advisement - advises corrective or preventive measures to apply to the work situations,
since the knowledge base includes a set of recommendations in HTML format, with
hyperlinks that enable the navigation to a set of relevant topics related to the issues
addressed (for example, risk factors, potential consequences, preventive measures or
good practice references).
The use of FAST ERGO_X comprehends three main phases: analysis configuration, data
collection and data analysis. These phases are depicted in Figure 3.
The use of the FAST ERGO_X is very flexible. On one hand, because it allows the use of
objective and subjective data, separately or combined; on the other hand because it can be
used on portable computers, which makes its utilization possible in situ either to collect
data, to present the results and to support any decision-making that may be required, for
instance due to the need of corrective interventions.
Fig. 3. Activities performed on the analysis of a work situation (Nunes, 2009a).
Ergonomics – A Systems Approach
24
The forecast capability of the evaluation model allows the use of the system as a WMSD
prevention tool creating the opportunity to act on identified risk factors, avoiding the
WMSD associated costs and pains.
Finally, FAST ERGO_X can also be used as a tool to promote participatory ergonomics.
For instance, the software and the media used for the analysis of the work situations (e.g.,
video recordings) can be used to support the training of workers in the field of
Occupational Safety and Health. This can be achieved either by using the knowledge
repository compiled on the knowledge base, by discussing the results of analyses carried
out, or by proceeding to critical reviews of the videos collected for the analysis of work
situations. Workers’ awareness is a key success factor for the reduction of potentially
risky behaviours, the identification of inadequate situations, and the development of
solutions that help the prevention of WMSD. An example of application can be found in
(Nunes, 2009a).
4.3 Additional screening methods for WMSD
Several methods have been developed to screen for, diagnose and treat musculoskeletal
disorders. A few examples of screening approaches are discussed below.
4.3.1 Tinel’s sign
Jules Tinel, a French neurologist, developed Tinel’s Sign in 1915. He noted that after an
injury, tapping of the median nerve resulted in a tingling sensation (paresthesia) in the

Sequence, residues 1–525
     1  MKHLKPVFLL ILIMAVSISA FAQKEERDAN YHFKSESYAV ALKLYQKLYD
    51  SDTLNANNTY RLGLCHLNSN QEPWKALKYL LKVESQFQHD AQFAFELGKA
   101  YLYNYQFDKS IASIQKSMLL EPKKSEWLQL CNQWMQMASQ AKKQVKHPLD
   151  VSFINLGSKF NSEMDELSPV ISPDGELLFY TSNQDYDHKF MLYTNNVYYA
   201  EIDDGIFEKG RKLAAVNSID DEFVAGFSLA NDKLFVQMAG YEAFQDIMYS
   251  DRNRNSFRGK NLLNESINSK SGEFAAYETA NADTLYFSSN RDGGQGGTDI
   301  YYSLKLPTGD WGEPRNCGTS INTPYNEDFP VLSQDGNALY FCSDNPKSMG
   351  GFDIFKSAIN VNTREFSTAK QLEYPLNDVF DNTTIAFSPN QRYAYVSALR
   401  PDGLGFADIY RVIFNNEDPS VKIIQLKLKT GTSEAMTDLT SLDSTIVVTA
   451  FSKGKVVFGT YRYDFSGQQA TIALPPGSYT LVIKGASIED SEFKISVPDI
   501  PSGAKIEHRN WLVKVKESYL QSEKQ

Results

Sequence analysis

first three and a half digits. Tinel’s Sign was not originally associated with carpal tunnel
syndrome; it was not until 1957 that George Phalen recognized that Tinel’s Sign could be
used to diagnose carpal tunnel syndrome (Urbano, 2000). Tinel’s method is among the
simplest and oldest screening approaches however, the application of this approach
requires knowledge in ergonomics and an understanding of the technique. This subjective
assessment technique requires input from the subject and can be a useful initial
assessment tool however it should be coupled with additional ergonomic assessment
tools.
4.3.2 Phalen’s test
George S. Phalen, an American hand surgeon, studied patients with carpel tunnel
syndrome and recognized that Tinel’s Sign could be used to diagnose carpel tunnel
syndrome, described it as ‘a tingling sensation radiating out into the hand, which is
obtained by light percussion over the median nerve at the wrist’ (Urbano, 2000).
Additionally, Phalen developed a wrist flexing test to diagnose carpel tunnel syndrome.
To perform the Phalen’s test, the patient should place their elbows on a table, placing the
dorsal surfaces of the hands against each other for approximately 3 minutes. The patient
should perform this maneuver with the wrists falling freely into their maximum flexion,
without forcing the hands into flexion. Patients who have carpel tunnel syndrome will
experience tingling or numbness after 1 to 2 minutes, whereas a healthy patient without
carpel tunnel syndrome can perform the test for 10 or more minutes before experiencing
tingling or numbness (Urbano, 2000).
Work-Related Musculoskeletal Disorders Assessment and Prevention 25
4.3.3 Durkan test or carpal compression test
In 1991, John A. Durkan, an American orthopaedic surgeon, developed the carpal compression
test. In a study of 31 patients with carpal tunnel syndrome, he found that this compression test